Today in History:

1048 Series I Volume XXXIV-I Serial 61 - Red River Campaign Part I


Numbers 5. Report of Lieutenant Colonel Ezra M. Beardsley, One hundred and twenty-sixth Illinois Infantry.

Devall's Bluff, Ark., July 10, 1864.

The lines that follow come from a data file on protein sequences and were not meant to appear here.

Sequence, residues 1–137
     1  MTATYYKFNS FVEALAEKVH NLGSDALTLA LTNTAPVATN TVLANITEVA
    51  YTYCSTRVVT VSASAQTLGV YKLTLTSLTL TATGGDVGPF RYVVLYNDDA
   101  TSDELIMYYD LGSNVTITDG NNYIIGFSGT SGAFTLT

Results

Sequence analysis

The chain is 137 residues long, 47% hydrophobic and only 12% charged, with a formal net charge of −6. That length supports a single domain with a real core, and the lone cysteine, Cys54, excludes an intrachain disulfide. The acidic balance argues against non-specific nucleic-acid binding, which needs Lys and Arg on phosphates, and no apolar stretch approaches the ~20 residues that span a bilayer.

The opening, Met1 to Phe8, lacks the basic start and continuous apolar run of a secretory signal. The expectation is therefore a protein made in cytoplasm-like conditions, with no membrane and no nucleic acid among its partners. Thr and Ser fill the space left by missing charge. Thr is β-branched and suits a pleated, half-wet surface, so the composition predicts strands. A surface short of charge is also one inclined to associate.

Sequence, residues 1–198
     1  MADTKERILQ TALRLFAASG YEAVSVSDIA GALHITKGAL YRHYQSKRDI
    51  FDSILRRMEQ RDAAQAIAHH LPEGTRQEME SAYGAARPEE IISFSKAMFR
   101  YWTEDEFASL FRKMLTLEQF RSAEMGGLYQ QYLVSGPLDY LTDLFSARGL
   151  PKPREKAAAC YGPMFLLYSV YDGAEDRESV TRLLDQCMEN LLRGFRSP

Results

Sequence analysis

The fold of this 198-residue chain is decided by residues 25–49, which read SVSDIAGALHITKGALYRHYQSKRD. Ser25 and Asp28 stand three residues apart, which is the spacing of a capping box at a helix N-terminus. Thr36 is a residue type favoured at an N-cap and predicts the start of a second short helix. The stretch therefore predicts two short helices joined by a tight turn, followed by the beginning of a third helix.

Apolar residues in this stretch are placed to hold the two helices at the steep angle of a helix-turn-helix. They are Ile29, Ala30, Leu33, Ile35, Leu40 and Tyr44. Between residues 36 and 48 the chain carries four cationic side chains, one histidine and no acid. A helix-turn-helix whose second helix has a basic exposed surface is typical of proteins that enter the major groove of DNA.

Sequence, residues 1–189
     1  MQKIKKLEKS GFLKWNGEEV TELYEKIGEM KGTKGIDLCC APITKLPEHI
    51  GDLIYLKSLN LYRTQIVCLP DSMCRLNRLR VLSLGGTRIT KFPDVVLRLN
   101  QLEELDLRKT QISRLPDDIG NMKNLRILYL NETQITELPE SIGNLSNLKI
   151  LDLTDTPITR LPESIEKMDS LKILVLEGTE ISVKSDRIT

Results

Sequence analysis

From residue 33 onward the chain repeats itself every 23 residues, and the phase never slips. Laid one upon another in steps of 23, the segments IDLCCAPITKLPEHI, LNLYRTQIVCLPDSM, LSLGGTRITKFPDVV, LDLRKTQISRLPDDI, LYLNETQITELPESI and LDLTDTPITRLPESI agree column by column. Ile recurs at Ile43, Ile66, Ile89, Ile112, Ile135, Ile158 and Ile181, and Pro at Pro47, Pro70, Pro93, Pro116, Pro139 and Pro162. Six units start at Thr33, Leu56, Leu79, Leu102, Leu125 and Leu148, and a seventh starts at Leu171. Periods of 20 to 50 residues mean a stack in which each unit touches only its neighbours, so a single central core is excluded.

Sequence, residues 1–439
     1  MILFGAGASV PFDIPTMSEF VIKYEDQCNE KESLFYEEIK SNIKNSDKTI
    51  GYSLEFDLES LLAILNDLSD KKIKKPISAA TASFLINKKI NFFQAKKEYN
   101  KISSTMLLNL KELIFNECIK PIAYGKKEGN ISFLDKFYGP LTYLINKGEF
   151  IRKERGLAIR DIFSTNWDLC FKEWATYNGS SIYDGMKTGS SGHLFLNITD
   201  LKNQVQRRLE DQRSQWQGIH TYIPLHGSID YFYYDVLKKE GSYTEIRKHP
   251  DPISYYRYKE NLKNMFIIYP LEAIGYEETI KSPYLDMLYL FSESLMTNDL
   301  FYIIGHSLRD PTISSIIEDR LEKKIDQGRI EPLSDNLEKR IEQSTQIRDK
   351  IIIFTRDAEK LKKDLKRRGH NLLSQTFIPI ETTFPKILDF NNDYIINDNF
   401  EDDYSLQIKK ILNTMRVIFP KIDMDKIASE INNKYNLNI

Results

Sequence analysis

SIR: I have the honor to make the following report of the participation of the battalion of the One hundred twenty-sixth Regiment of Illinois Infantry Volunteers, Composed of Companies A, B, D, E, F, G, H, and I, which I commanded, in the skirmish at Clarendon, Ark., Sunday, June 26, 1864, while accompanying the expedition of Brigadier General E. A. Carr, to dislodge a rebel force under Shelby: The battalion debarked from the transport Platte Valley at Clarendon, Ark. (on White River), at 8.30 a. m., June 26, which I immediately formed, and after waiting a short time (apparently for the debarkation of the light battery), upon receiving orders from Colonel Graves, chief of infantry, i marched it the left flank, preceded by the battalion of the Fifty-fourth regiment Illinois Veteran Infantry Volunteers, and immediately succeeded by the six-gun battery (D), Second Regiment Missouri Artillery Volunteers, and after moving in a northeasterly direction about three-fourths of a mile again came into line of battle in the same relative order, within supporting distance of a force of cavalry engaging the enemy's skirmishers, which had previously been advanced and deployed as skirmishers to ascertain and feel his position. Upon receiving orders, I immediately deployed Company E, Captain L. W. Beal commanding, covering the front of the battalion in reserve, which ws promptly advanced to relieve the cavalry skirmishers of the Eleventh Missouri Volunteers in our front, who then repaired to form upon the flank, which rested upon the swamp enmargining Bayou Cache (which seemed to regulate the movement). At 10 a. m., or after Company E had been engaged about twenty minutes, Company D was deployed and advanced to re-enforce them upon the skirmish line, when a general advance was ordered of the supporting line, the battalion moving simultaneously, halting at intermitting intervals to successively keep in sustaining distance and give the skirmishers an opportunity to dislodge and force back the enemy. Soon afterward the enemy opened upon our line with a battery of artillery nearly confronting our (central) position, thereby indicating a resolution of arresting our further advance; but our skirmishers, not thus diverted or intimidated, but stimulated with increased vigilance and activity, pressed steadily onward, sustained by a long line of equally gallant and energetic companies among the several battalions and detachments, seconded by a brisk response from Captain Schaerff's Battery (D), Second Missouri Artillery, soon convinced our adversaries their attempt to withstand our advance might jeopardize their position or forces, so he seemed henceforward to contest the position with as much persistence as practicable, with his available skirmish force gradually retiring. At nearly 12 m., upon the right platoon of Company D rejoining the reserve line, I immediately deployed Company A, Lieutenant Allen H. Morgan commanding, and advanced it to replace the skirmishers returned and sustain those engaged; but soon after it had arrived upon and re-enforced the skirmish line, the rebel commander, having previously withdraw most of his baggage, made a precipitate withdrawal of his forces from the front of our skirmishers,